Boeing's CEO is not 'overly anxious' about China's C919

Boeing CEO Dave Calhoun dismissed suggestions that China's first commercial flight of its domestically made C919 narrowbody jet may signal the end of the duopoly now held by Boeing and its European rival Airbus. China Eastern Airlines flew a C919 loaded with people from Shanghai to Beijing on Sunday, marking a watershed moment for maker Commercial Aviation Corp of China (COMAC). The C919 is a "good airplane," according to Calhoun, but it will take a "long time" for COMAC to create the production capacity required to fulfill Chinese airlines' demand. 


"Three providers in a growing global market of this size and scale should not be the most intimidating thought in the world," Calhoun said this week to reporters. "I think it's a silly prospect for us to be overly concerned about." Boeing should concentrate on current competitors and position itself to "win that technology race," according to Calhoun. He noted that China is still "our friend, our customer," but that commerce may be "fits and starts" owing to geopolitical issues.


Chinese carriers began flying the 737 MAX again earlier this year. Despite the fact that all Chinese customers have resumed 737 flights, deliveries of the plane have been halted due to tensions between the US and China. The Chinese aviation authority produced a study on the 737 in April, which Calhoun praised at the time as a "important step" toward resuming MAX deliveries following two disasters in 2018 and 2019 that killed a total of 346 people. Calhoun addressed the press on Tuesday during a media tour of Boeing's facility in Charleston, South Carolina, where the widebody 787 Dreamliner is built.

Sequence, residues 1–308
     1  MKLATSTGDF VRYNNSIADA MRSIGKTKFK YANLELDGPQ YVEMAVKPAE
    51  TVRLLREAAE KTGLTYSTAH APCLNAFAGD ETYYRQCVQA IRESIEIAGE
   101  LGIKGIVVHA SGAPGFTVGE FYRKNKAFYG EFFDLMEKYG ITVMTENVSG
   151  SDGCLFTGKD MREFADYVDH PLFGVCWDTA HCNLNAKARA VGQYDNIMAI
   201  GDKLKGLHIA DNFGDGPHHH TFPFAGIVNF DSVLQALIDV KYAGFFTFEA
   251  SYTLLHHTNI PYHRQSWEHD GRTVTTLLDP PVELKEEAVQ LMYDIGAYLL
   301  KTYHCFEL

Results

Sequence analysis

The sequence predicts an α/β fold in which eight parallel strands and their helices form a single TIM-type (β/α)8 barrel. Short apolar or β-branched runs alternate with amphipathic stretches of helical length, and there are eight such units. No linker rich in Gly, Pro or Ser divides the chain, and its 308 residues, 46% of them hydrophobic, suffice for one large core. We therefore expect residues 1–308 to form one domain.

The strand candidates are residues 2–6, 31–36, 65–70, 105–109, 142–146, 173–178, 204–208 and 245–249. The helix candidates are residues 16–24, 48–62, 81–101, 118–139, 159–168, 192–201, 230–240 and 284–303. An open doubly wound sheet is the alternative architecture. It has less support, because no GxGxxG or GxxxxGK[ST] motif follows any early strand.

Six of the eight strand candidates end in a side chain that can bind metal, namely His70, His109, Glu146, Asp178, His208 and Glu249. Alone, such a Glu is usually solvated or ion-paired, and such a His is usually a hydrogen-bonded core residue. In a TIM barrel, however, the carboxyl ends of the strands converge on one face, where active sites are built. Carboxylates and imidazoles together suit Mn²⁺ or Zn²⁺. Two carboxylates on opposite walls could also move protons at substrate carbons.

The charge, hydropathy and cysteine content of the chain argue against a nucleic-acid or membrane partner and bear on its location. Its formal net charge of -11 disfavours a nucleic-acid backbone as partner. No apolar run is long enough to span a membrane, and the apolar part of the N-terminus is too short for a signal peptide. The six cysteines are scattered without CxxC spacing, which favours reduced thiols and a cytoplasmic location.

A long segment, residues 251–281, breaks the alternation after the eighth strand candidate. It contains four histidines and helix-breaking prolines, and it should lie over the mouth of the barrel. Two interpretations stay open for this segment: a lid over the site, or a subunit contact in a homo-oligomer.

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Calhoun claimed during the debate, which took place several weeks before Boeing squares off against Airbus in the orders bonanza of the Paris Air Show, that the US planemaker could fend off risks such as competing products and supply-chain snarls. Calhoun responded to Airbus's decision to develop an extended version of its A220, which would compete with Boeing's best-selling 737 MAX 8, saying, "That does not give me heartburn." Calhoun stated that regaining a 50% market share for narrowbody jet orders against Airbus was unimportant. Instead, Calhoun stated that the largest driver of Boeing's market share losses over the last four years has been the company's inability to deliver planes, which began with the MAX problem in 2019 and has been followed by supply-chain and manufacturing concerns. Calhoun also dismissed suggestions that Boeing would attempt to re-acquire Spirit AeroSystems, a business split off from Boeing in 2005 that manufactures important airplane structures such as the 737 MAX fuselage and 787 front fuselages, as well as essential components of Airbus aircraft. Spirit has been the source of multiple difficulties that have hindered Boeing deliveries in recent years, including a continuing 737 MAX bracket installation defect that has halted deliveries since April. "We are dissatisfied with each new issue that limits our rates and slows us down," Calhoun added. Those issues, though, "are solvable, and I don't think you acquire a company to solve it."

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